To prepare for a career in medical pharmacology, students must complete four years of high school and up to eight years in college and graduate school. The field requires completion of many science classes and advanced math. After completing prerequisite courses, students then progress to the actual field of study,admission to which is usually quite competitive. After high school, students generally enter an undergraduate program in preparation for graduate studies.
Starting a career in medical pharmacology may begin in high school by taking algebra, geometry, and trigonometry classes. The field is also heavily science-based, and students can prepare by taking biology, chemistry, and physics classes. Many universities suggest that students strive to maintain high grade point averages and that they take honors classes when possible. Many colleges select candidates based on Scholastic Achievement Test (SAT) scores, and doing well on SAT tests opens the door to possible scholarship programs.
Colleges and universities generally have a curriculum for students, but it can vary from school to school. It usually requires students to obtain 120 credit hours for graduation. Acquiring a bachelor's degree in medical pharmacology requires two years of prerequisite classes that include statistics, biology, chemistry, and possibly anatomy and physiology. Students may also be required to take bacteriology, genetics, and molecular biology. Some schools also mandate that students take medical microbiology and advanced microbiology. By the third and fourth years, the curriculum includes pharmaceutical sciences.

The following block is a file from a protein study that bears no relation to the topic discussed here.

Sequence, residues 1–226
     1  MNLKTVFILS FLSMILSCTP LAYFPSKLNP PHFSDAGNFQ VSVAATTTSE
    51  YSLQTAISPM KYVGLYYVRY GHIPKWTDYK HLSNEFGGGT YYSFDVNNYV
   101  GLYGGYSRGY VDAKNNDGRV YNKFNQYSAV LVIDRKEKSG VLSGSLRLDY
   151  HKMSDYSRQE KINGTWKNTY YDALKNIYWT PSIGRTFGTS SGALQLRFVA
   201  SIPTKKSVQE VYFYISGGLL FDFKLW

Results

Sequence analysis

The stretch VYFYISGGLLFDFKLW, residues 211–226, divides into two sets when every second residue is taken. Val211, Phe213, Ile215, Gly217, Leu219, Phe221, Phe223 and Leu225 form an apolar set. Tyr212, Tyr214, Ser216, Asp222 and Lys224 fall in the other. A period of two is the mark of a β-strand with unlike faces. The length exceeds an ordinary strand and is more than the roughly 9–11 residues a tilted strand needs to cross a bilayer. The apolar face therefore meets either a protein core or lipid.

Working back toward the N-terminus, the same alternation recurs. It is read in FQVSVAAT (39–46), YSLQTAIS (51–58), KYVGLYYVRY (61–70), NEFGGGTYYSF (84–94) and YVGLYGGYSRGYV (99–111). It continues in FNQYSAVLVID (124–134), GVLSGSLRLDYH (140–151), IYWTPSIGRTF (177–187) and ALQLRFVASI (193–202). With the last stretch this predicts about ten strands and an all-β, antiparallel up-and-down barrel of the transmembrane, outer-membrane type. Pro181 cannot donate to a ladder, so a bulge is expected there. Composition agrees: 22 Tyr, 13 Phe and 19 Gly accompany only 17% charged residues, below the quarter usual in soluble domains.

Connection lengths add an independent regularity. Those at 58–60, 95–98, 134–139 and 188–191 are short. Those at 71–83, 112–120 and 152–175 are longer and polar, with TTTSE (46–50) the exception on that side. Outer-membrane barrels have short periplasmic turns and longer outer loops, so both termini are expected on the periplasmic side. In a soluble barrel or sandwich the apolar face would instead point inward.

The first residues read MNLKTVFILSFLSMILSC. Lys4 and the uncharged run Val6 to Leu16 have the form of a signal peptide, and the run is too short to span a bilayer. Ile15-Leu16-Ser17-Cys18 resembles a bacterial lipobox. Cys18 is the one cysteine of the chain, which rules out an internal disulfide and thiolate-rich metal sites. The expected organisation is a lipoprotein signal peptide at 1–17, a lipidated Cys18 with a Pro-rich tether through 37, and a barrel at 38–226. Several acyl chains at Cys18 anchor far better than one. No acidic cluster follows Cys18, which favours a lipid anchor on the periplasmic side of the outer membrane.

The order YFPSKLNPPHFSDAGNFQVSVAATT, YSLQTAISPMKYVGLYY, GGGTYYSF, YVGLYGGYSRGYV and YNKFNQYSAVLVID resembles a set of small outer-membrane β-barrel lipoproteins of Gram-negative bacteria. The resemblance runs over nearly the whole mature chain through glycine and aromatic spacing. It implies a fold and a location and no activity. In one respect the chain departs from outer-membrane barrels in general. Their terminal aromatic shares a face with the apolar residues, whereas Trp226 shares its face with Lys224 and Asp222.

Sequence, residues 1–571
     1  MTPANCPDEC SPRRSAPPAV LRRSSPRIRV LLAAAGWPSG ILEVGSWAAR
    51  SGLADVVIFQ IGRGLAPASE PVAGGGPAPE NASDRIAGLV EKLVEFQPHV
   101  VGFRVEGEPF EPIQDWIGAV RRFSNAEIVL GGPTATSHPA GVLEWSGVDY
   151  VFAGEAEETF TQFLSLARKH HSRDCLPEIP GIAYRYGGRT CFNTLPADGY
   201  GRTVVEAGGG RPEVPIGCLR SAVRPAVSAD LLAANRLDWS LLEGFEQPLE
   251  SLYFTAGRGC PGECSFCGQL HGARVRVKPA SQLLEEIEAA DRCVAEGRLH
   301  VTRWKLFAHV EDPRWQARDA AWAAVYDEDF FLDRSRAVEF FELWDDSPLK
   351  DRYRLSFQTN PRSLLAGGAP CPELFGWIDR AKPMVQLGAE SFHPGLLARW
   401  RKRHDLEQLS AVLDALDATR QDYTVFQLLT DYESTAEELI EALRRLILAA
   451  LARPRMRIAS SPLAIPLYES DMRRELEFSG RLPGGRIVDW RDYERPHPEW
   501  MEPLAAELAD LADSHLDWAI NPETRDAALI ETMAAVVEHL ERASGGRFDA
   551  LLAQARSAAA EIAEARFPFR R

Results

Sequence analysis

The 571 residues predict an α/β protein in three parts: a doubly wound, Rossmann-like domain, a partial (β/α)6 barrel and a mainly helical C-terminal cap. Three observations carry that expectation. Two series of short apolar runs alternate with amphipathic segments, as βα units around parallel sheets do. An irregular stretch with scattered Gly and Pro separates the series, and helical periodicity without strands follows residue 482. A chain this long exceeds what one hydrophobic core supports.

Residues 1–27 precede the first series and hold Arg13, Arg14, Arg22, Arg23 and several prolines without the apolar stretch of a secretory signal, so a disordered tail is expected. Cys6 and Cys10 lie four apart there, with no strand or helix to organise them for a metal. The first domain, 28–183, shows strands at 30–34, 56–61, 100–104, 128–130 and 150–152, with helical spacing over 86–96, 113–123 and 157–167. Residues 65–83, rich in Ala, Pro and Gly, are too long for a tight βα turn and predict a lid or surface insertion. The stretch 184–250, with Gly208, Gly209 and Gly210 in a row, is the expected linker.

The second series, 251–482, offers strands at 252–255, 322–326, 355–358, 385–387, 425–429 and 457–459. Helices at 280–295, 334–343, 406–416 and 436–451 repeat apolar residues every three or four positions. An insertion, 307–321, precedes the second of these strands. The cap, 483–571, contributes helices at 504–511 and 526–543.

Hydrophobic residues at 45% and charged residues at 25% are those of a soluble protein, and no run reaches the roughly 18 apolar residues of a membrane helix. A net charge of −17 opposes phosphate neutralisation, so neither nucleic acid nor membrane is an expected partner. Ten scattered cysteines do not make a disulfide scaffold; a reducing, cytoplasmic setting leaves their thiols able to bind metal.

After achieving a Bachelor of Science degree, students generally continue schooling for another four years to obtain a Doctor of Pharmacology degree or a pharmacological sciences Ph.D. The Doctor of Pharmacology curriculum requires pharmacological biochemistry and medical chemistry, both consisting of lecture classes with accompanying labs. Graduate students also learn about drug action and delivery and are required to take three to four courses in pharmacology and pharmacotherapy. In the fourth year, students complete 35 hours of clerkships, or internships, which provide medical pharmacology training.
Students interested in obtaining a pharmacological sciences Ph.D delve into three separate pharmaceutical science classes, pharmacokinetics and cellular signal transduction mechanics. Chemistry, organic chemistry and quantum chemistry are also part of the curriculum. Eventually, students choose to enter a specific field of study. These fields include drug action, drug delivery systems, or drug discovery and the classes required for each specialty. The Ph.D program also lasts four years.
Graduate students may pursue a medical pharmacology career in research pharmacology, where scientists create medications and treatments for particular diseases and work in hospitals or government facilities. Graduates may choose to work as clinical pharmacologists in medical facilities or a private business. They might also find medical pharmacology jobs in the pharmaceutical industry, which may lead to managing a biomedical facility. Individuals can also choose teaching careers, travel as consultants, or employment as quality control officers.